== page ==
And now this. As he departs for New Zealand, to rest up ahead of the series against Pakistan in the UAE, Yorkshire are pinning their faith in the sound top-order technique of a less well-known Kiwi, Jeet Raval.
They now find themselves in the bottom two and Andrew Gale, the coach, is a dartboard for the disgruntled, but even Essex, in third, are not entirely secure so a sense of proportion is needed. Yorkshire responded this week by clearly stating their absolute faith in Gale: director of cricket Martyn Moxon termed him a “long-term investment” and called criticism of him “unjustified and uncalled for.” Gale has even become “a project” so who knows, there might even be grant aid available. Considering they are having to slash their playing budget, that would come in handy.
These are condemnatory times, especially at clubs like Yorkshire where success is expected. On Twitter this week, even Sussex’s former allrounder Luke Wright, as hard and enthusiastic a worker as there is in the game, was called out for posting a picture of a bacon-and-egg bap as he looked happily upon Lord’s on a sunny day. It appears that some supporters think that players should not eat if they make nought. Once teams would be starved of success; now they are expected to starve until they find it.
Yorkshire therefore are not just losing, they are also perceived by some of their most trenchant critics to be lacking spirit – the ultimate insult of a professional sports person. “Excuse me pal, what defines our pride and passion?” Jack Brooks had challenged one critic on the first day here. Brooks is leaving, but he is not leaving because of disenchantment, but because Somerset have offered him a three-year deal at 34.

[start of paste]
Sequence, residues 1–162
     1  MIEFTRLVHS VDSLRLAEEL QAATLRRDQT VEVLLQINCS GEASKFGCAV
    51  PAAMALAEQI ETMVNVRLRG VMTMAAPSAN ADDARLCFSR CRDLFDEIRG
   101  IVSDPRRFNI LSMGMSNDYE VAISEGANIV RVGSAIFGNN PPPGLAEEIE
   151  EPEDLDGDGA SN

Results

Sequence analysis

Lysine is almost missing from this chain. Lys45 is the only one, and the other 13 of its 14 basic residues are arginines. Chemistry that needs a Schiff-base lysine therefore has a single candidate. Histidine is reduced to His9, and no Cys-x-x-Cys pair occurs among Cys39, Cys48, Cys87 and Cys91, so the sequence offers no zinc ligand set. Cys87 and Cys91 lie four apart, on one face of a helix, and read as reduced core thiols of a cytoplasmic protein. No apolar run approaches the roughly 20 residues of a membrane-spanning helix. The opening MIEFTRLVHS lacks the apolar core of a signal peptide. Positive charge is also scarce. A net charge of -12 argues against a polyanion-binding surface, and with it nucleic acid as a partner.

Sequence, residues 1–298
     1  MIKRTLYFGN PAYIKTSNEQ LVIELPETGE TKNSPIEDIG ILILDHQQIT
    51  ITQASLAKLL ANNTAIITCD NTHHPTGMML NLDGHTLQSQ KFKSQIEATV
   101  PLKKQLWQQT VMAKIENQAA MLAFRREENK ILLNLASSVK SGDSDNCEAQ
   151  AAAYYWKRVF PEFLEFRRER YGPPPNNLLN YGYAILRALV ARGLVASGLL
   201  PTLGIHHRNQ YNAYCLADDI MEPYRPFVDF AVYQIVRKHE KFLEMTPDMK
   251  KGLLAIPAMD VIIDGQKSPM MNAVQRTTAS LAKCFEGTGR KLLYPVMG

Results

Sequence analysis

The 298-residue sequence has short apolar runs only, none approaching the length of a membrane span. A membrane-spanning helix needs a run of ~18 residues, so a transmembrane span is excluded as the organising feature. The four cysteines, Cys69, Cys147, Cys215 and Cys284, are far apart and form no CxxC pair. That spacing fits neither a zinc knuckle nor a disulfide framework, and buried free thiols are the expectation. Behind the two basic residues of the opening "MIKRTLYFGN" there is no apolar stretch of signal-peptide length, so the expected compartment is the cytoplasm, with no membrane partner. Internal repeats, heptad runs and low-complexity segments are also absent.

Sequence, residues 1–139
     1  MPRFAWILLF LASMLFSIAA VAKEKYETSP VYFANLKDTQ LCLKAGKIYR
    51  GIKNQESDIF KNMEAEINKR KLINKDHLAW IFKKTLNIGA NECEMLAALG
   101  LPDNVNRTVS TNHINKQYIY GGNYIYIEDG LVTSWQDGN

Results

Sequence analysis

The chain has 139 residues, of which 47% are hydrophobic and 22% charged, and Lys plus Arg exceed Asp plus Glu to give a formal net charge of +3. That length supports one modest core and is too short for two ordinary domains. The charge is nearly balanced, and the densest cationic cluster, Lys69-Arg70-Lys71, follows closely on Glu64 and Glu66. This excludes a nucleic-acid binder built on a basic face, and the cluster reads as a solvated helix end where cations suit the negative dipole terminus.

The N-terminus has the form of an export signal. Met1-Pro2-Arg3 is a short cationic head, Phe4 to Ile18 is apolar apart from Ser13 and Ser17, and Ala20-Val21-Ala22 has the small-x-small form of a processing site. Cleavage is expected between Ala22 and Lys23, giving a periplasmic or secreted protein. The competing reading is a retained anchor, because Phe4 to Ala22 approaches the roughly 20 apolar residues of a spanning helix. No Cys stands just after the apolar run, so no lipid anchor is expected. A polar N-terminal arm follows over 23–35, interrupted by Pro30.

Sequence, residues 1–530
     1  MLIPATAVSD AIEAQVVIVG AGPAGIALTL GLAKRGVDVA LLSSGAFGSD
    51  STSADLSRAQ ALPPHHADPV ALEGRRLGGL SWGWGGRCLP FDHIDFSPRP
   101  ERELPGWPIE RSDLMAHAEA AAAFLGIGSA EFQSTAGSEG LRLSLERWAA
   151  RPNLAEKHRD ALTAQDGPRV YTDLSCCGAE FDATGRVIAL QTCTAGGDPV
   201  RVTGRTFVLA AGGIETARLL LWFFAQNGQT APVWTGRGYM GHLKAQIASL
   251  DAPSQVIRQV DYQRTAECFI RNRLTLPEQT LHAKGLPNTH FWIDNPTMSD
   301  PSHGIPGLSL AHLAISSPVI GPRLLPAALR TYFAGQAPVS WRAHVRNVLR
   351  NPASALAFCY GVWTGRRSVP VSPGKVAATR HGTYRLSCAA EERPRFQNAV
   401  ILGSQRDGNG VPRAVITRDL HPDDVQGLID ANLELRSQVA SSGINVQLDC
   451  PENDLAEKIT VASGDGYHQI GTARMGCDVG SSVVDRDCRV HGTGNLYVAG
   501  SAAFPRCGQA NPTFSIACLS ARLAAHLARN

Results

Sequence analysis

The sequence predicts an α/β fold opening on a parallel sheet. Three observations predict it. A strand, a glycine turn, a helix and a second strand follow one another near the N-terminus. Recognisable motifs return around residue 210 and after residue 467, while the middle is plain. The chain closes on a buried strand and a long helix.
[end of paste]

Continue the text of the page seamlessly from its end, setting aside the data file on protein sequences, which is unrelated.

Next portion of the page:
Yorkshire are working hard to manage an awkward period of transition (how well they are doing that is a different argument altogether) but some people see things differently.
It would have been briefly uplifting for Gale to have been transported from Yorkshire’s dressing room over lunchtime, where words like pride and passion were no doubt being bandied about, to the Oxfam bookshop in Headingley, refuge of the more thoughtful fan. One wicket had been lost in the morning session, and even that had been the nightwatchman, Josh Shaw, who had played calmly for a career-best 42 before he was lbw to Gregory.
“They’re fighting, I’ll grant you that,” said one Yorkshire stalwart to his mate as he stooped to check out the second-hand fiction. It would have taken him a while to leave that bookshop because he was struggling with a mobile phone App which apparently told him whether he had read a book or not, more valuable than you might imagine. Back in the sunshine, had he been minded to check ESPNcricinfo he would have found that Yorkshire were suddenly six down, seven by the time he had retaken his seat.
Gregory’s fourth wicket was that of Andrew Hodd, the first-innings hero, who was more culpable as he played all round one from Gregory that struck his leg stump. Eight down at tea, Matthew Fisher and David Willey put on 45 in 18 overs, but Jamie Overton removed Fisher and Brooks in successive overs to claim victory.
Somerset let Willey lead them off and applauded his 34 not out. Or perhaps they applauded him because he has also accepted the job of stand-in captain while Steve Patterson is injured. Nobody else wanted the job, which is a discussion of its own. Whatever, as Willey stalked off the field, it’s not entirely certain that he enjoyed it.